This article is a mini Google Analytics crashcourse for UX designers. It is based off of a workshop given in collaboration with User Wizard. User Wizard UX Career Mentoring is a dedicating coaching program for career switchers into the UX industry. Here is their mission in a nutshell:
We do not believe in UX unicorns but we strongly believe in your ability to develop your expertise and an exclusive skill set. We promote uniqueness and celebrate diverse backgrounds in UX: join us on the bright side of the force, become a Use Wizard!
Is UX research qualitative or quantitative?
Both qualitative and quantitative research methods play an important role in user experience. Qualitative research methods are for better understanding, and observing users. It focuses on discovering problems within the user experience, or understanding how to fix it. Qualitative studies require a smaller sample size and utilize open-ended questions.
On the other hand, quantitative methods focuses on statistical data to determine the priority or scale of a problem. This can be used to make a comparison or technical analysis, rather than determining a problem or solution. The best strategy is to use a variety of methods in your UX practice.
When should you care about quantitative UX research?
That’s an interesting question. Ideally, the answer should be: in every project. But ultimately it depends on the type of usability testing you choose. You can get great insights from Google Analytics to help your analysis. Quantitative studies help you optimize user experience in the following cases:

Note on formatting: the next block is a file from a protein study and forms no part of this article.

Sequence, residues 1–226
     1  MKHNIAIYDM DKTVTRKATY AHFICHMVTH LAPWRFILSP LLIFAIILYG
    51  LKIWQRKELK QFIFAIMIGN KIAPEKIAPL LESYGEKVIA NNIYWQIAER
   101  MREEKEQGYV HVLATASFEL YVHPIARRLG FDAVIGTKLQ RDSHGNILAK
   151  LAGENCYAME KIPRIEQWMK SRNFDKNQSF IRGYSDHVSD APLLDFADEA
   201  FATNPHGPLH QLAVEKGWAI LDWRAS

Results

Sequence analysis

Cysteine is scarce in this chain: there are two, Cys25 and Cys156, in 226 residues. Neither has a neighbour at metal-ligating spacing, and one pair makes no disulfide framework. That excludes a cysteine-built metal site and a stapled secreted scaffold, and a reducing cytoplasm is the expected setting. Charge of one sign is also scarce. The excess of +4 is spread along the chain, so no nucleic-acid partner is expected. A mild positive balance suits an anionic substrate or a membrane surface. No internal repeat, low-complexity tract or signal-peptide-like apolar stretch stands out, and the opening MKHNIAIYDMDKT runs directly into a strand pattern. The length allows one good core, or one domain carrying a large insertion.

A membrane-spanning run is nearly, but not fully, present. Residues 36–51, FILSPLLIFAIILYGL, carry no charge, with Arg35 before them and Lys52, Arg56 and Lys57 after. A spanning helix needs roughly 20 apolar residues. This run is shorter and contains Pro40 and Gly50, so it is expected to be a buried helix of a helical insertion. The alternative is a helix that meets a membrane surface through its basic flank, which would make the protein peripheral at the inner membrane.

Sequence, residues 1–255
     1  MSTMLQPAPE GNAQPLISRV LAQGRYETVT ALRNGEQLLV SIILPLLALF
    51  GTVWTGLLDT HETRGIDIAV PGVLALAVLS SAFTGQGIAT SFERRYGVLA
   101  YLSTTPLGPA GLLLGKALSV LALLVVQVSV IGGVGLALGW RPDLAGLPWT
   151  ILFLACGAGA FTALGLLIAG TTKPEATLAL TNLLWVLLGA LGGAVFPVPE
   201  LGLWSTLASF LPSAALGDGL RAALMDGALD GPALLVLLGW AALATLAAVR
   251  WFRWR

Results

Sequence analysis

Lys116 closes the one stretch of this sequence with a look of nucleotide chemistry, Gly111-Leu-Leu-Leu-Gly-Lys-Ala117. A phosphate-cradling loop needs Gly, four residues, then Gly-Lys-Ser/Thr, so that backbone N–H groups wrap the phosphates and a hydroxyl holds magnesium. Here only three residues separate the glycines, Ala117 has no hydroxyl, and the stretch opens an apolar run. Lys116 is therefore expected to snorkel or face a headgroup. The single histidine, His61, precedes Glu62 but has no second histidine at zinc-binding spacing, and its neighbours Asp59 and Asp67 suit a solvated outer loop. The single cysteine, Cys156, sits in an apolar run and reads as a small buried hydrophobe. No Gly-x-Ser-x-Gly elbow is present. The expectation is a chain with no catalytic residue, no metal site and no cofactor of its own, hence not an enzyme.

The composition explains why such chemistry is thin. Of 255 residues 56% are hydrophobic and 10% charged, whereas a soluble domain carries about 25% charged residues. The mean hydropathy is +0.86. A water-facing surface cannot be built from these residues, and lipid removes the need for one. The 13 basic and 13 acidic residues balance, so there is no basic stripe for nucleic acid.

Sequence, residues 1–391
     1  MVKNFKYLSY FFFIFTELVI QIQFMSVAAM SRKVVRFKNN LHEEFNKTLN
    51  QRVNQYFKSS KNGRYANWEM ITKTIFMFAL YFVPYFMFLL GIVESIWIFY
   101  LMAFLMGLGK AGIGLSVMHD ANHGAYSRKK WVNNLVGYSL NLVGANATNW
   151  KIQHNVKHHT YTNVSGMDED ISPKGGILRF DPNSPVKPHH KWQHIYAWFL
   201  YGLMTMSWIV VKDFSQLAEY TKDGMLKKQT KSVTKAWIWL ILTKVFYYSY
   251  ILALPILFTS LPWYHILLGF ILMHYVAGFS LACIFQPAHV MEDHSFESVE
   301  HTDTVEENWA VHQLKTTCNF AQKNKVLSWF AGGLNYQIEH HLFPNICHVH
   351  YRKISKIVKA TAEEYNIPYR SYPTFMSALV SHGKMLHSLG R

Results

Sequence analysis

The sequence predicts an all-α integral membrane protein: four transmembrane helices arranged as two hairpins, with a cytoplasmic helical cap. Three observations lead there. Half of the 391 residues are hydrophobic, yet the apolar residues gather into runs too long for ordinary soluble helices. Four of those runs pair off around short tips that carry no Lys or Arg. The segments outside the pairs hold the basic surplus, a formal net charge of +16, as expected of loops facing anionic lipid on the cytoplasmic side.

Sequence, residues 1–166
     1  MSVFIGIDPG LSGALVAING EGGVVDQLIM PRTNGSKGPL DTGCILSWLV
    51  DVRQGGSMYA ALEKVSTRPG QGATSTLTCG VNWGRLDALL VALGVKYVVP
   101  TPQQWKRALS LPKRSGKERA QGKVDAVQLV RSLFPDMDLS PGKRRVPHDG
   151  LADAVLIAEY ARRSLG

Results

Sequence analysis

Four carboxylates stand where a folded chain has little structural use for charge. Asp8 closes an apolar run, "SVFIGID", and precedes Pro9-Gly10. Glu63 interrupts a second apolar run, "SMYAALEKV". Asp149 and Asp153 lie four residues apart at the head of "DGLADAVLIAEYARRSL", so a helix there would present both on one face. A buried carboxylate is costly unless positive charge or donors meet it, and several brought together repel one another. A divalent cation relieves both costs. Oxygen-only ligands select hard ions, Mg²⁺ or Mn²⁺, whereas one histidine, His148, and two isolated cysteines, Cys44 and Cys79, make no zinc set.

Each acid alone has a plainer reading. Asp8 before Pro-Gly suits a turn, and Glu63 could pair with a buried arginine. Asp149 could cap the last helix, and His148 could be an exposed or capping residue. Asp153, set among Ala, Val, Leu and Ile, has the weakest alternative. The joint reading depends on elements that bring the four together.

- When profiling your audience or building personas
- When face-to-face sessions are not possible
- When resources and lead period of time is limited
- When research anonymity is a priority
But there’s a problem with digital analytics
Many UX designers fear quantitative analysis. Lack of knowledge is holding you back from gathering behavioral metrics. Digital marketers sometimes suffer from the same difficulty of analysis in Google Analytics.
Sometimes, instinct and qualitative research seem more natural. Customers are people after all, not data. And yet, you need to feel comfortable with quantitative data, not just qualitative data. Google Analytics is a calculator, it doesn’t replace you. Quantitative researchers should be complimentary to your other research methods. Mixed methods will often involve knowing how to keep users happy, even when it comes to technical elements like load time. You can gain actionable insights from Google Analytics as a UX expert. Invest some time in getting familiar with the GA interface to get the best of it.
Qualitative (the WHY) vs Quantitative Research (the WHAT)
Don’t bring an opinion to a data fight. So, how do you get started with quantitative research? Pick the right metrics. Choose metrics that are easily understood and help guide decision making. If you are wondering what a metric is, let’s take a second to bring you up to speed. If we are talking about the adjective, it’s related to the metric system. This is not our topic today. From a technical standpoint, a metric is a system or standard of measurement. That’s what we care about. A metric is not an objective.